COVID-19 has placed the global economy on the precipice of a recession... or worse. When the full impact on the economy will be felt is still anybody’s guess, but a significant business slowdown seems inevitable. Frequently when there is an economic crisis, businesses cut back on their marketing budget. However, it's been shown time and time again, that a downturn can provide a great opportunity to promote and claim additional market share.
In the aftermath of the last recession in 2008, spending on advertisements in the US dropped by 13%. However numerous studies over the last 100 years point to the advantages of maintaining or even increasing marketing budgets during a weaker economy.
As a the popular saying goes: “When times are good you should advertise. When times are bad you must advertise.”
There are several reasons to continue marketing during an economic slowdown
- The “level of noise” in a brand’s product category can drop when competitors cut back on their ad spend. It also allows for advertisers to re-position a brand or introduce a new product.
- Brands can project to consumers the image of corporate stability during challenging times.
- The cost of advertising drops during recessions. The lower rates create a “buyer’s market” for brands.
- When marketers cut back on their ad spending, the brand loses its “share of mind” with consumers, with the potential of losing current – and possibly future – sales. An increase in “share of voice” typically leads to in an increase in “share of market.” An increase in market share results, with an increase in profits.
There are also plenty of famous examples of brands that grew by maintaining or increasing their marketing budgets during an economic crisis. Here are just a few:
Kellogg’s: In the 1920’s, Post was the category leader in the ready-to-eat cereal category. During the Great Depression, Post cut back significantly its advertising budget and rival Kellogg’s doubled its advertising spend, investing heavily in radio and introducing a new cereal called Rice Krispies, featuring “Snap,” “Crackle” and “Pop.” Kellogg’s profits grew by 30% and that campaign was the catalyst that allowed Kellogg’s to become the category leader, a position it has maintained for decades.
Toyota: The 17-month recession of 1973-75 was triggered by the energy crisis. In late 1973, the US government issued its first miles-per-gallon report in which Toyota Corolla was second to Honda Civic in fuel efficiency. Since Toyota was experiencing strong sales, when the economic downturn hit, the temptation was to drop their ad budget, which they resisted. By adhering to its long-term strategy, Toyota surpassed Volkswagen as the top imported carmaker in the U.S. by 1976.
Pizza Hut: In the 1990-91 recession, Pizza Hut and Taco Bell took advantage of McDonald’s decision to drop its advertising and promotion budget. As a result, Pizza Hut increased sales by 61%, Taco Bell sales grew by 40% and McDonald’s sales declined by 28%.
Amazon: More recently, Amazon sales grew by 28% in 2009 during the “great recession.” The tech company continued to innovate with new products during the slumping economy, most notably with new Kindle products which helped to grow market share. In a first, on Christmas Day 2009, Amazon customers bought more e-books than printed books. As a result, in the minds of consumers, Amazon became an innovative company by introducing a lower cost alternative to cash-strapped consumers.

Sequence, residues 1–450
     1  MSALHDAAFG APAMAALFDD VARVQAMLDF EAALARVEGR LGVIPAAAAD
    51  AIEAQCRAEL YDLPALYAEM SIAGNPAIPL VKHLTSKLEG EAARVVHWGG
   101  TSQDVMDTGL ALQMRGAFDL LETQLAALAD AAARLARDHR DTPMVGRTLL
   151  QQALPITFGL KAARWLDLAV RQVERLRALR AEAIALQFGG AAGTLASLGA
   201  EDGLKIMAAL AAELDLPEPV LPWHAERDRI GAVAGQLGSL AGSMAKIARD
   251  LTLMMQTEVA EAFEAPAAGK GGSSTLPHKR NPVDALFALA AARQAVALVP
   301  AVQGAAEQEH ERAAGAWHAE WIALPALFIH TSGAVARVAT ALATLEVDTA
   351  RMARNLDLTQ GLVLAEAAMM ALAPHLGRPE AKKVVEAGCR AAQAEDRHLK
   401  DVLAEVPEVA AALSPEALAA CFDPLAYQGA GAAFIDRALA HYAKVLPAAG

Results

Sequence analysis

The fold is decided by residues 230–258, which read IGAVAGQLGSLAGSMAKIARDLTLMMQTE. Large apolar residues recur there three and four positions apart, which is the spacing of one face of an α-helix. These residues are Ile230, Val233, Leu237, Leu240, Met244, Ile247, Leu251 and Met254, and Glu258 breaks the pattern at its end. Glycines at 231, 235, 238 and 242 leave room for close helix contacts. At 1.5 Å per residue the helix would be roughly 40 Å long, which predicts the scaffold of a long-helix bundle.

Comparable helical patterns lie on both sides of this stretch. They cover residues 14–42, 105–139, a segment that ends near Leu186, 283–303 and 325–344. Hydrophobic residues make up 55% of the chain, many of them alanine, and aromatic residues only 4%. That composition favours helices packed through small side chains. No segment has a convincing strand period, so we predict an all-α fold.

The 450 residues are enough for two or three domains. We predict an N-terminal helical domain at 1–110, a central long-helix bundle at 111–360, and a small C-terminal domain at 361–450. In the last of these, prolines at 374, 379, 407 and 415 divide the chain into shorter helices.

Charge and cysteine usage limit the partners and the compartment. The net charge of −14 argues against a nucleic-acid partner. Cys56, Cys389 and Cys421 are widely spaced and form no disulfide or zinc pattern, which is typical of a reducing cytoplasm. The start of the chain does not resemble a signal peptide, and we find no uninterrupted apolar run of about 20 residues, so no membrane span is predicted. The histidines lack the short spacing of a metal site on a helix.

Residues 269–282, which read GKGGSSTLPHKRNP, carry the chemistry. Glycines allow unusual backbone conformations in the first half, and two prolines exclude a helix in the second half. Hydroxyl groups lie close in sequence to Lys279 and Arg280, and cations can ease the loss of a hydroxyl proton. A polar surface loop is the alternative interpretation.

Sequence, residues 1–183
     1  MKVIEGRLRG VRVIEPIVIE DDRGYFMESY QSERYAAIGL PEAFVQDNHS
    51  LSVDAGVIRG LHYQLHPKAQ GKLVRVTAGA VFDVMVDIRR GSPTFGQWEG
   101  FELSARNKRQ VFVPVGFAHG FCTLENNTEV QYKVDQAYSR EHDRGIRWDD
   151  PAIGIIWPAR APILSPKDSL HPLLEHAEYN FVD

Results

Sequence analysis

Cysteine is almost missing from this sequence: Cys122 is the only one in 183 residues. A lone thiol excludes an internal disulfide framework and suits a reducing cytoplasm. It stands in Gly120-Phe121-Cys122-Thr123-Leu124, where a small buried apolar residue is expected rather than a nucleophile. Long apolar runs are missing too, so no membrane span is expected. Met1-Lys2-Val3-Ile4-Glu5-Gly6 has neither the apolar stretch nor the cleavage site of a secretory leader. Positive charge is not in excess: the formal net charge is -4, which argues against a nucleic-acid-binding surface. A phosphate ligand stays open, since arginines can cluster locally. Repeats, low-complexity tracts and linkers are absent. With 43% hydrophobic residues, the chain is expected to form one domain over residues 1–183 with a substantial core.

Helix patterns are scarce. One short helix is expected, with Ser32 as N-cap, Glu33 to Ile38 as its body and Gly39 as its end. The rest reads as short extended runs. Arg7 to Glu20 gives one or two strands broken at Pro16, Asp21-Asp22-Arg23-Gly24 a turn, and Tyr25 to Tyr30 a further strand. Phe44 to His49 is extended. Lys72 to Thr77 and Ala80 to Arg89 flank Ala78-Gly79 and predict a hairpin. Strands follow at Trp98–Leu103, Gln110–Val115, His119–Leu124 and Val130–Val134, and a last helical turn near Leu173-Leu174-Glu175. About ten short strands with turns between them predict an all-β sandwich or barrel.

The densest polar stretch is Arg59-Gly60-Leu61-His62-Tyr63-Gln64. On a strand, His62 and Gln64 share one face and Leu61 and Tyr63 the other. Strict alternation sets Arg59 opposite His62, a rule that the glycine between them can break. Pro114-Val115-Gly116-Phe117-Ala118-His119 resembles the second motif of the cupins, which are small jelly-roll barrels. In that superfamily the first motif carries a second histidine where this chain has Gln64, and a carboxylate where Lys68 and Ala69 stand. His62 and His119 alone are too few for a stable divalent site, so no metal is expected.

What are good strategies for marketing in a downturn?
Another strategy used by marketers is changing the ad message and using short-term price incentives to match the economic climate with consumers who are seeking a good deal. Some advertisers will offer interest-free loans, coupons or special promotions to boost sales and market share. When the economy bounces back, regular pricing can return. For some advertisers that don’t give cost incentives, they can change the ad message to being expensive but worth it. Another creative strategy is pointing out the value the brand provides.
In tough times, discounts that require little effort from consumers and give cash back at the point of sale are more effective than delayed-value promotions such as competitions or long-term discounts. Many marketers will need to increase the frequency and depth of temporary price promotions. At the same time, they must carefully monitor consumers’ perceptions of “normal” price levels: Excessive promotions lead consumers to revise their expectations about prices downward and can threaten profitability in the recovery period because people will resist the steep increases as prices return to “normal.” Extreme price deals can also lead to costly price wars.
While premium-brand market leaders shouldn’t move their brands down-market, they can introduce a “fighter brand,” a lower-priced version of the premium offering sold under a different name.
Although the natural inclination for advertisers and markets is to cut back on promotions during a recession, those brands that maintain their ad and marketing budgets and/or change their messaging can get a long-lasting boost in sales and market share.
Perhaps the best quote about advertising in a recession came from Sam Walton, the founder of Wal-Mart. When asked, “What do you think about a recession?” he responded: “I thought about it and decided not to participate.”